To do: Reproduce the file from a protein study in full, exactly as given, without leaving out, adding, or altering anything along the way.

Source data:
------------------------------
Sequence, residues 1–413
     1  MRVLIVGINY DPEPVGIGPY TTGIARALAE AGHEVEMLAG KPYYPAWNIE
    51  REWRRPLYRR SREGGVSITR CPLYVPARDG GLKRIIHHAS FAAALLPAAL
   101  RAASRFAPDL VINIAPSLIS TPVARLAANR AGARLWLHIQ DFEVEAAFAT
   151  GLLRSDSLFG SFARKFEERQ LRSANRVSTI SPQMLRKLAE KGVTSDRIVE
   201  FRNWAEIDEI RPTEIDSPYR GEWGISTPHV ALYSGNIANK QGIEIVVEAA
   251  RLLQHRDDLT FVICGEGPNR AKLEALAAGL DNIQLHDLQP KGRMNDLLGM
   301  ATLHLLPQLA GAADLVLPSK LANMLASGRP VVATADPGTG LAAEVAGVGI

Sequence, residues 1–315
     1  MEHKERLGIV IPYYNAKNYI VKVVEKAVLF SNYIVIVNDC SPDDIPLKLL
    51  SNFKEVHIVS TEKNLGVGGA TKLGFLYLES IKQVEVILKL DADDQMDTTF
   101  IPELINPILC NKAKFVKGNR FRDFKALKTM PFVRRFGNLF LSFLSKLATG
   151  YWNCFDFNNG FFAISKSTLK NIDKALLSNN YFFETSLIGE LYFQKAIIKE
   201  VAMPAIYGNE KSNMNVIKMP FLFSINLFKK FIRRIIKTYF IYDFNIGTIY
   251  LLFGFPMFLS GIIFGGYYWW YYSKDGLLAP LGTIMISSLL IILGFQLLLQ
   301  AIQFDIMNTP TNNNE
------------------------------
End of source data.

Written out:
Sequence, residues 1–413
     1  MRVLIVGINY DPEPVGIGPY TTGIARALAE AGHEVEMLAG KPYYPAWNIE
    51  REWRRPLYRR SREGGVSITR CPLYVPARDG GLKRIIHHAS FAAALLPAAL
   101  RAASRFAPDL VINIAPSLIS TPVARLAANR AGARLWLHIQ DFEVEAAFAT
   151  GLLRSDSLFG SFARKFEERQ LRSANRVSTI SPQMLRKLAE KGVTSDRIVE
   201  FRNWAEIDEI RPTEIDSPYR GEWGISTPHV ALYSGNIANK QGIEIVVEAA
   251  RLLQHRDDLT FVICGEGPNR AKLEALAAGL DNIQLHDLQP KGRMNDLLGM
   301  ATLHLLPQLA GAADLVLPSK LANMLASGRP VVATADPGTG LAAEVAGVGI

Sequence, residues 1–315
     1  MEHKERLGIV IPYYNAKNYI VKVVEKAVLF SNYIVIVNDC SPDDIPLKLL
    51  SNFKEVHIVS TEKNLGVGGA TKLGFLYLES IKQVEVILKL DADDQMDTTF
   101  IPELINPILC NKAKFVKGNR FRDFKALKTM PFVRRFGNLF LSFLSKLATG
   151  YWNCFDFNNG FFAISKSTLK NIDKALLSNN YFFETSLIGE LYFQKAIIKE
   201  VAMPAIYGNE KSNMNVIKMP FLFSINLFKK FIRRIIKTYF IYDFNIGTIY
   251  LLFGFPMFLS GIIFGGYYWW YYSKDGLLAP LGTIMISSLL IILGFQLLLQ
   301  AIQFDIMNTP TNNNE